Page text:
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  • Soderberg's Floral and Gift
  • (612) 724-3606
  • 3305 East Lake Street
    Minneapolis, MN 55406
    United States
    Mon - Fri: 8AM to 7PM
    Sat: 8AM to 5PM
    Sun: 10AM to 3PM

About us


Soderberg's Floral and Gift, a local Minneapolis florist has served the Minneapolis area since 1925. Soderberg's Floral reputation is built on its dedication to customer service, quality and value. Soderberg's Floral and Gift is ready to help you send the freshest, most beautiful flowers in Minneapolis.

Soderberg's Floral and Gift offers hundreds of special occasion floral arrangements. Send birthday or anniversary greetings, get well wishes or let someone special know you're thinking of them! The professional floral designers at Soderberg's Floral and Gift specialize in creating memorable wedding flowers, touching sympathy displays and custom floral centerpieces for a wide range of special events.

Soderberg's Floral and Gift delivers exceptional live flowering and non-flowering plants year-round. Send a lovely live gift by itself or in an elegant European-style dish garden. Our flowering plants are delivered in full bloom and are guaranteed to be healthy upon receipt. You can also count on Soderberg's Floral and Gift for all of your seasonal flower needs. Ask us to design a fresh, fragrant wreath any time of the year or browse our selection of silk and dried flowers!

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Succulents Oh My!

Succulents Oh My!

Posted by Kym Erickson on 11th Jul 2018

Succulent Origins

Succulents survive in hot arid regions. They can be found naturally from northern Europe to southern and eastern Africa, and to the Far East. Early 15th century expeditions allowed explorers like Columbus to bring these unusual plants, cacti and succulents, back from the Americas, Africa and India.

Succulent Care

  • Light: In general, the area should have 10-12 hours of bright, indirect sunlight, with periods of shade to prevent sunburns.
    • Colorful succulents require at least 6 hours of bright sunlight to maintain their vibrancy.
  • Soil: Provide well-draining soil.
    • Potting soil is too dense to properly oxygenate succulent roots, but can be loosened with coarse sand, perlite, or pumice.
      • Rock is not suggested because it doesn't retain any moisture.
  • Temperature: Indoor succulents do not like extreme temperature changes.
    • Keeping a mild temperature will decrease your amount of watering.
  • Water: Only water succulents when they need it.
    • Succulents should only be watered when the potting materials, usually soil, is completely dry. When in doubt, go without. Your succulents can survive with being under-watered, but there is little that can be done once a succulent is over-watered

Planting Succulents: A Few Tips

  • Keep your succulents in the soil they came in.
    • Succulents have a fragile root system and repeated transfers to new mediums can damage the roots and affect plant longevity.
  • Leave air gaps--don't backfill
    • Tucking or packing soil around your succulent will suffocate its roots
    • Air pockets stimulate healthy root growth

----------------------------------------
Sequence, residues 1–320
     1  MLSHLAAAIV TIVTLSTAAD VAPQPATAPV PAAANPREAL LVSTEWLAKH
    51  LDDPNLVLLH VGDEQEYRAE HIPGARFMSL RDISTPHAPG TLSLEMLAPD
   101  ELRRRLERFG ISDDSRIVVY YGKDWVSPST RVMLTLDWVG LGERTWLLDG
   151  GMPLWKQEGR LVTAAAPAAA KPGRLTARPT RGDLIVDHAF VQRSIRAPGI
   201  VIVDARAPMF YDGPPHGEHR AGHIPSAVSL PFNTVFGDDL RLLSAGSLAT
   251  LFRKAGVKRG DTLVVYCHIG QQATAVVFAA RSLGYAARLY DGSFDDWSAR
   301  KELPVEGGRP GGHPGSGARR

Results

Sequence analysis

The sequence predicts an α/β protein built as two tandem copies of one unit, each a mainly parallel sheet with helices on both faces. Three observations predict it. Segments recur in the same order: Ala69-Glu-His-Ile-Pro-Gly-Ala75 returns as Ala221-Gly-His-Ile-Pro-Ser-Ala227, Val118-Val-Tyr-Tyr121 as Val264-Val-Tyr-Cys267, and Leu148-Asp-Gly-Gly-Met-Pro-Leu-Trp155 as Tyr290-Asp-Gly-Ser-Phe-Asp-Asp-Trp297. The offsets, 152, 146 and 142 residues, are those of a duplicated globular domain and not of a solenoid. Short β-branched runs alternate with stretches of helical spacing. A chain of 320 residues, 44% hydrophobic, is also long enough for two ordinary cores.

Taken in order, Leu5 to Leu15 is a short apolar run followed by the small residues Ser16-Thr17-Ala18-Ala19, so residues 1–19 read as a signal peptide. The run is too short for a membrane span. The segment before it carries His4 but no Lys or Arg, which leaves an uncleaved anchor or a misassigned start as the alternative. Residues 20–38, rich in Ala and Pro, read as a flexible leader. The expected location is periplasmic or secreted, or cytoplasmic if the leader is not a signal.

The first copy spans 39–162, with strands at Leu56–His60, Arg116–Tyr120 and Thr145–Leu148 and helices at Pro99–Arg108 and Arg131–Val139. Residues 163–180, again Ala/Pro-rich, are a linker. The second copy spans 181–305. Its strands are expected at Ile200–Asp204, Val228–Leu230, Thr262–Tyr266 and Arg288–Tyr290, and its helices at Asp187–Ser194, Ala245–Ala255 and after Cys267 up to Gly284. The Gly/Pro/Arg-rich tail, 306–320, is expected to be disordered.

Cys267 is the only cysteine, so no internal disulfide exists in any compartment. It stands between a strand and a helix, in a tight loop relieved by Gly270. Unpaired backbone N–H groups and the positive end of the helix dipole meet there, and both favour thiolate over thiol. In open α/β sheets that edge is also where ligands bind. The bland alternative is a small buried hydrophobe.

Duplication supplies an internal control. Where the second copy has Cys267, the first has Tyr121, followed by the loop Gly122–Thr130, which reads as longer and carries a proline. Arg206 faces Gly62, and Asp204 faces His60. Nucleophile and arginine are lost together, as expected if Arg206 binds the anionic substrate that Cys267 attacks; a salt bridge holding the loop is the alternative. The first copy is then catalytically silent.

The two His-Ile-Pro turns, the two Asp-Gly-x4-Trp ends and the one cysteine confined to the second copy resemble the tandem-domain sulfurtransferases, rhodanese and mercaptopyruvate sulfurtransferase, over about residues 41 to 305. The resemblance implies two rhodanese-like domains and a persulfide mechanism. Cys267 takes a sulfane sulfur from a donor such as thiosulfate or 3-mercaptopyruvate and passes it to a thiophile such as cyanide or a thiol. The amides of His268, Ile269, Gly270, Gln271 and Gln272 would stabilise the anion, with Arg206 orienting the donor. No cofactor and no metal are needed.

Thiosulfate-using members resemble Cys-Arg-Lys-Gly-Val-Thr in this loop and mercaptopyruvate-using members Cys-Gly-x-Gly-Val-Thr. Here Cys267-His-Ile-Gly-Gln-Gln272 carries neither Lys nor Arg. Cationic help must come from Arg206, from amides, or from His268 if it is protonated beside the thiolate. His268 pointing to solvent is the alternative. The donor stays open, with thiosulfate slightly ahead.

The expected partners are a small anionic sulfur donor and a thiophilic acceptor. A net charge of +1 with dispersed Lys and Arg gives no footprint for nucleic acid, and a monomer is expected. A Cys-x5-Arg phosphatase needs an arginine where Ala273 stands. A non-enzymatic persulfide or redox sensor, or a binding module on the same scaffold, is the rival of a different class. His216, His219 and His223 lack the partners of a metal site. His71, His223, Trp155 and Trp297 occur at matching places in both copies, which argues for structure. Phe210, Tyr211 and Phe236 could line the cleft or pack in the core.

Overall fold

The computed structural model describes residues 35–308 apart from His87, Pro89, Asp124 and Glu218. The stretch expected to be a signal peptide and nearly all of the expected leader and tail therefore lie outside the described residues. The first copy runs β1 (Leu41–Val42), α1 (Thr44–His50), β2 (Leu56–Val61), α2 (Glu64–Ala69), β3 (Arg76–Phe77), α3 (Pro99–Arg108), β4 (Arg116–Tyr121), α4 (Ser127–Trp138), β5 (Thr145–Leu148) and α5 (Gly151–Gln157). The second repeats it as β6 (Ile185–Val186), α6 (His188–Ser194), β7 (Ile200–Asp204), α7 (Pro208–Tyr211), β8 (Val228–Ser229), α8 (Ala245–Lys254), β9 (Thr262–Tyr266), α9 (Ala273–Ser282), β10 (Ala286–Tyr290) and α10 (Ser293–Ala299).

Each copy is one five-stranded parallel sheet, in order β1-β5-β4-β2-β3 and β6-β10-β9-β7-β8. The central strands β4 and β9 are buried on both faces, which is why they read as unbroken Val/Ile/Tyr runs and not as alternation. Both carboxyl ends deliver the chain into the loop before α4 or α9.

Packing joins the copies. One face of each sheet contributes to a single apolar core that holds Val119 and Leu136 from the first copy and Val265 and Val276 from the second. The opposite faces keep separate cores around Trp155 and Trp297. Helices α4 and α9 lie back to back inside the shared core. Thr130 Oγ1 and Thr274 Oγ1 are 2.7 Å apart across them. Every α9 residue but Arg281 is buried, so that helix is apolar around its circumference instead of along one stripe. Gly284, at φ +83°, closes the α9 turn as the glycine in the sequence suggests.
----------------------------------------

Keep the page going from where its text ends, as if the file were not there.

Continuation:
• Fertilize monthly
    • Succulents have shallow roots and require nearby nutrient sources
    • Using a low-key liquid fertilizer will prevent foliage from yellowing and maintain their vibrant colors

Frequently Asked Questions:

What is a succulent?
A succulent is a type of plant with a thick, fleshy stem and leaves that store moisture. "Succulent" comes from the Latin word sucus, meaning juice or sap.

Where do succulents come from? Succulents tend to come from dry, arid climates where rainfall is sporadic and very scarce.

Why are succulents popular?Succulents are popular because they require very little water, little maintenance or pruning, have unique and unusual structures and do not attract pests. They are also slow-growing and come in almost every color of the rainbow.

What is the difference between a succulent and a cactus?

All cacti are succulents. However, not all succulents are cacti. Succulents and cacti retain moisture the same way: in large juicy stems and/or leaves. Because they originate from harsh, dry environments, cacti and succulents have adapted these fleshy bits to reduce water loss during droughts or long dry periods. Unlike succulents, cacti generally, but not always, tend to have spines or prickly hairs protruding from enlarged bulbous structures to prevent predators from drinking their stored water.
How do succulents store water?All plants have stomates, or tiny pores for gasses to pass through for photosynthesis. Succulents close their stomates to reduce the amount of water that will evaporate during hot days. They open them during the cool night to store carbon dioxide for the following day.

Are succulents safe?

Many succulents have medicinal properties to them, such as Aloe, which is known for soothing burns and is used commercially in facial creams. Other succulents you can ingest, such as the Prickly Pear. While most succulents are not poisonous, allergic reactions can occur. Some succulents produce a sap with a similar composition to latex, such as the Euphorbia genus, which can cause skin irritation. Other succulents can have sharply pointed leaves that could injure children and pets.

Always err on the side of caution. It is highly recommended to properly identify succulents before using their sap in any way, and always call poison control if you have ingested an unknown, potentially harmful plant.